If you switch on your GPS today, then that's condensed astrophysics you use. If you are getting news reports from the other side of the world, that's astrophysics at work. The weather report? Not possible without astrophysics. Everything related to space and time is astrophysics at work.

  • False equivalency (Score:4, Insightful)

    by sjbe (173966) on Thursday May 01, 2014 @08:03AM (#46888219)

    I also agree TBBT has blackface or 'coon show' qualities.

    REALLY? Point out to me the 400 years of slavery or some equivalent to Jim Crow laws. Show me where in the history of the US geeks were not allowed to marry non-geeks. Show me where in the constitution they had to put in an amendment protecting nerds. Show me where nerds were prevented from voting. Thinking blackface shows and TBBT are in any meaningful way equivalent is both arrogant and absurd.

    I don't care if you like the show or not. People's senses of humor vary and it's fine if you don't think it is funny. But you seriously need to stop taking life too seriously and laugh a bit.

  • Re:it's true (Score:5, Insightful)

    by AthanasiusKircher (1333179) on Thursday May 01, 2014 @08:20AM (#46888335)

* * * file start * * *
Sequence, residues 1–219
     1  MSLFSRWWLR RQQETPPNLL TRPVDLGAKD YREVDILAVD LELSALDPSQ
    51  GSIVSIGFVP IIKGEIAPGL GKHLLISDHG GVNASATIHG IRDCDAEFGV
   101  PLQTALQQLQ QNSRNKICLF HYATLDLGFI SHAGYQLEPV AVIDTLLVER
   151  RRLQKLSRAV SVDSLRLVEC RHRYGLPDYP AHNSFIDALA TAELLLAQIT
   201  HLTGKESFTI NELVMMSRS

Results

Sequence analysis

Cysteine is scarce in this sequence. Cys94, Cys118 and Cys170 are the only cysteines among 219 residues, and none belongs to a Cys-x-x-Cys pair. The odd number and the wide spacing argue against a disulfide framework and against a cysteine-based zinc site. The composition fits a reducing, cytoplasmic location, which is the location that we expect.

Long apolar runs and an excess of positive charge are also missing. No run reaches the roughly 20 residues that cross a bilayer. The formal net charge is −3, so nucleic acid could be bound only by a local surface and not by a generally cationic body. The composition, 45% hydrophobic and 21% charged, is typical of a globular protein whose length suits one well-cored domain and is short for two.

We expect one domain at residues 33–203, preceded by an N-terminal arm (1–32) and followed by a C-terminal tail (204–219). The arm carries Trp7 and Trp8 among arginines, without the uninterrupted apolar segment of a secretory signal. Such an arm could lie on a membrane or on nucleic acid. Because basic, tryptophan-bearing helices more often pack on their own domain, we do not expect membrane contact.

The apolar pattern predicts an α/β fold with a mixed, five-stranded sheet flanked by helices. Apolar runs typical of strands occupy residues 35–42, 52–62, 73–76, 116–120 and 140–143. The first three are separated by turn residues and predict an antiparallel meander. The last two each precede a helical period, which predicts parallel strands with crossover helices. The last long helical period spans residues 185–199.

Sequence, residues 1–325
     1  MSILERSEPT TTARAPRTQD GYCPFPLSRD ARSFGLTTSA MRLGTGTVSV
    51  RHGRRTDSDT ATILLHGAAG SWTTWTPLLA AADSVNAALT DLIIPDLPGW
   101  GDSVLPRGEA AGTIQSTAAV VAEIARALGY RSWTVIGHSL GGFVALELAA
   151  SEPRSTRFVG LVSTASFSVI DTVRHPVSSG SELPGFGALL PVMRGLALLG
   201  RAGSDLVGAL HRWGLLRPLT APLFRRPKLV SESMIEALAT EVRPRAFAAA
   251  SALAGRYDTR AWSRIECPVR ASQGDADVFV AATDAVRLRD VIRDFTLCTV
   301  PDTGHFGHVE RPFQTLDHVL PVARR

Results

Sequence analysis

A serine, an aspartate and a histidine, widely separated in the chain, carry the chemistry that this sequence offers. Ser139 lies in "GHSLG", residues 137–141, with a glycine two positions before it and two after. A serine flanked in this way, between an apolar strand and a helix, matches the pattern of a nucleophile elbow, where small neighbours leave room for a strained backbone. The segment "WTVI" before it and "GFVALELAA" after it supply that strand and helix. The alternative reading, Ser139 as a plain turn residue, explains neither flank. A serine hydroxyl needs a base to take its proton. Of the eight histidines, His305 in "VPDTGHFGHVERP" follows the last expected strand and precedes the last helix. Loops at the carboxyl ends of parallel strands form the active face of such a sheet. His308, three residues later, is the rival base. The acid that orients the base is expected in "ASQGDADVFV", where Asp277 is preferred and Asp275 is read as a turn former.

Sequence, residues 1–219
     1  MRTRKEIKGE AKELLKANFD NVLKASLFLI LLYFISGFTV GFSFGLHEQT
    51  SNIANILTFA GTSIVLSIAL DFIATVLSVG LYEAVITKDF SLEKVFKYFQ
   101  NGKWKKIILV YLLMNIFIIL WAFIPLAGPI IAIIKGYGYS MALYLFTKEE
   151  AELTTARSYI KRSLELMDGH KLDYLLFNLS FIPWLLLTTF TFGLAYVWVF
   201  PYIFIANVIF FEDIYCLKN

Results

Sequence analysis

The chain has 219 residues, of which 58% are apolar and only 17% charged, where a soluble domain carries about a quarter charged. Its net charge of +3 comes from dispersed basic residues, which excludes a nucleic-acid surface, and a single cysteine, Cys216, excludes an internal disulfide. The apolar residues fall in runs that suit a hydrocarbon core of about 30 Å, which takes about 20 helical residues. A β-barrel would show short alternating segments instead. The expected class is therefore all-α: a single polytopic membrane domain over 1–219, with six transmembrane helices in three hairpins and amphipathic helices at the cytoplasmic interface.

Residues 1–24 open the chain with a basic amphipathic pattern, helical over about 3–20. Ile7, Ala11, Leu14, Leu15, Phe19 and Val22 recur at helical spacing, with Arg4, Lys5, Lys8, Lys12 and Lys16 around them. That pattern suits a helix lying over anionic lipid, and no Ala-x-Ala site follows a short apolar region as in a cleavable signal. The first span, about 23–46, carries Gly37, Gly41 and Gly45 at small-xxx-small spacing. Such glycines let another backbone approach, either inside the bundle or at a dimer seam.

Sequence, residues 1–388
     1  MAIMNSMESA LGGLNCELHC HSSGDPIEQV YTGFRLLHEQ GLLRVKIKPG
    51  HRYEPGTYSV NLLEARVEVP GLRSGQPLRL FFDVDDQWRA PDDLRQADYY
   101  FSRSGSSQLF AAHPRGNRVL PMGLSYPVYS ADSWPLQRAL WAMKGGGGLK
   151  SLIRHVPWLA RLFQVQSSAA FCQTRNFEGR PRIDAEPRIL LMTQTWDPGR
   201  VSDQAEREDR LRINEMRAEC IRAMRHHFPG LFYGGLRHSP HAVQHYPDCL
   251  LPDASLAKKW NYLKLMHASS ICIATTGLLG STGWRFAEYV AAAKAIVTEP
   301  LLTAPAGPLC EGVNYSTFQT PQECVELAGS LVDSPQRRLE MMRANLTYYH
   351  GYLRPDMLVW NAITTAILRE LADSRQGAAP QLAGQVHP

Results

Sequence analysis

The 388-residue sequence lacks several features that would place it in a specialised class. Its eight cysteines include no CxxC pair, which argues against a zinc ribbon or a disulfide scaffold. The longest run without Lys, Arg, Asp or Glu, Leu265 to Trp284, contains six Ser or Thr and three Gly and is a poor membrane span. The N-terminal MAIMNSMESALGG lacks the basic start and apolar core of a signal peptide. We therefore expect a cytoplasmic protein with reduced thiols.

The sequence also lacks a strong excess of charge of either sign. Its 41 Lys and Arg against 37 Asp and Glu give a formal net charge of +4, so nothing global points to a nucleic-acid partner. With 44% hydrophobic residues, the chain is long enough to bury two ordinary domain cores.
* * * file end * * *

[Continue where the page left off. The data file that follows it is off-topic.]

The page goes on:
I also agree TBBT has blackface or 'coon show' qualities.

    Wow -- I've been reading this a lot here. I think we need to step back and get some perspective. Blackface was and is offensive not just because it includes stereotypes, but because it served as a way of reinforcing stereotypes that led to social oppression and even slavery. Many people here might argue that scientists and engineers are underpaid or underappreciated compared to, say, corporate executives or whatever. But they generally earn relatively high salaries compared to average and are hardly "oppressed" let alone enslaved.

    Saying the show represents stereotypes is one thing. Comparing it to blackface is quite extreme.

    And it seems like the more scientific / theoretical the character's field is, the more antisocial they are. The closer they are to engineering, the more socially redeeming qualities and access to romantic partners they have. I mean, they made Sheldon downright asexual.